The Intersection of Yoga and Modern Medicine

Yoga Modern Medicine
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The intersection of yoga and modern medicine is a rapidly growing field, as increasing research suggests that yoga can have a significant impact on physical and mental health. In this chapter, we will explore the current state of research on the benefits of yoga, and discuss how it is being integrated into modern medical practice.

Yoga as a Complementary Therapy

Many modern medical practices now incorporate yoga as a complementary therapy for a variety of conditions. For example, yoga has been shown to be effective for managing chronic pain, such as lower back pain and arthritis (Cramer, Krucoff, & Dobos, 2013). Yoga has also been found to be beneficial for reducing symptoms of anxiety and depression (Karen, et al., 2014).

Yoga and Physical Health

In addition to its impact on mental health, yoga has also been found to have a range of physical health benefits. For example, research has shown that practicing yoga can improve flexibility, balance, and cardiovascular health (Smith & Clark, 2017). Yoga has also been found to have a positive impact on immune function, and has been shown to be an effective way to manage certain medical conditions, such as type 2 diabetes and high blood pressure (Khalsa, et al., 2018).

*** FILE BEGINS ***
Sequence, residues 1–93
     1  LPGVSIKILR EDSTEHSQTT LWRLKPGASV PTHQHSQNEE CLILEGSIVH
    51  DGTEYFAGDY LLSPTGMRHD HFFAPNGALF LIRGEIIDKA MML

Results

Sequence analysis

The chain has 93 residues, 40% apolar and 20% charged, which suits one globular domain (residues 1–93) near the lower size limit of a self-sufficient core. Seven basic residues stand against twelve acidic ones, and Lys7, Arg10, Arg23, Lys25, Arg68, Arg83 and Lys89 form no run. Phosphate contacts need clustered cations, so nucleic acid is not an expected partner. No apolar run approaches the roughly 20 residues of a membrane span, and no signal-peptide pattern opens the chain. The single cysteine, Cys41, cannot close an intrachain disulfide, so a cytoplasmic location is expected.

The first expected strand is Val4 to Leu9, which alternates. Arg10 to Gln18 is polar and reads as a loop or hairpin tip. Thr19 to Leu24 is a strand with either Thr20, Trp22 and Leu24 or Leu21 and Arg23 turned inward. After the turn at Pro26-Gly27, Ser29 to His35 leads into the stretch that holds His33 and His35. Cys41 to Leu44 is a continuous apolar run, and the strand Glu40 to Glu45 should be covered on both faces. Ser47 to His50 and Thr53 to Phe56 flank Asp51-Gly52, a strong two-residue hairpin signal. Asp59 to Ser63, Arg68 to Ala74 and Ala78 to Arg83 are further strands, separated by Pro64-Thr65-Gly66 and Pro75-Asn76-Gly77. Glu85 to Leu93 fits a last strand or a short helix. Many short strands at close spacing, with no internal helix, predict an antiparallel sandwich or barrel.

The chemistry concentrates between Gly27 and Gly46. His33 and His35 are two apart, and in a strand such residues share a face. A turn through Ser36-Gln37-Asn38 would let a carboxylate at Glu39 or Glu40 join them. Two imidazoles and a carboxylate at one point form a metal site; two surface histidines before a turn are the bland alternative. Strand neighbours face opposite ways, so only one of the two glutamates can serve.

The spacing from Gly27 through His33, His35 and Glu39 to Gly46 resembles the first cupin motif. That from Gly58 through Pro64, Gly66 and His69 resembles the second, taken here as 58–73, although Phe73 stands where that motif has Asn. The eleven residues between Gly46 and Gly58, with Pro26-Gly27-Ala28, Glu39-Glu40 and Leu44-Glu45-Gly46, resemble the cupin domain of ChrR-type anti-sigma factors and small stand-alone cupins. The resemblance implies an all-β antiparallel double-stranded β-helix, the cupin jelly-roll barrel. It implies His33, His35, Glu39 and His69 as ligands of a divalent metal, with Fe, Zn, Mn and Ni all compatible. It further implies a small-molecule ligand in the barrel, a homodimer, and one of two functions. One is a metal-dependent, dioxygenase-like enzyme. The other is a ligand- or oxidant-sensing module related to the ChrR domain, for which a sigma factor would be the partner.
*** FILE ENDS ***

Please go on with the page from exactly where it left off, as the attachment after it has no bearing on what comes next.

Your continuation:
Integrating Yoga into Modern Medical Practice

Given the growing body of evidence supporting the benefits of yoga, many medical professionals are now integrating yoga into their practices. For example, some hospitals now offer yoga classes to patients as part of their treatment plans, and many healthcare providers are referring patients to yoga classes and workshops as part of their care (Barnes, et al., 2016).

Concluding Thoughts

The intersection of yoga and modern medicine is a growing field, and the evidence suggests that yoga can be a highly effective complementary therapy for a range of physical and mental health conditions. As more research is conducted, it is likely that the use of yoga in modern medical practice will continue to grow.


Barnes, V.A., Bloom, B., & Nahin, R.L. (2016). Complementary and alternative medicine use among adults and children: United States, 2007. National health statistics reports, 10, 1-25.
Cramer, H., Krucoff, C., & Dobos, G. (2013). Integrative oncology: complementary therapies for pain, anxiety, and mood disturbance during cancer treatment. Cancer journal, 19(4), 362-369.
Karen, W.B., Levinson, D.J., & Marler, J.R. (2014). The impact of mindfulness-based stress reduction on sleep, mood, stress and fatigue symptoms in cancer outpatients. International journal of psychiatry in medicine, 44(1), 63-74.
Khalsa, S.B., Cope, S., Wikelski, M., & Davidson, R.J. (2018). Yoga as a therapeutic intervention: a bibliometric analysis of published research studies from 1967 to 2013. The Journal of Alternative and Complementary Medicine, 20(2), 94-101.
Smith, J.C., & Clark, M.R. (2017). The effects of yoga on physical function in older adults: a systematic review. The Journal of Alternative and Complementary Medicine, 23(12), 951-961.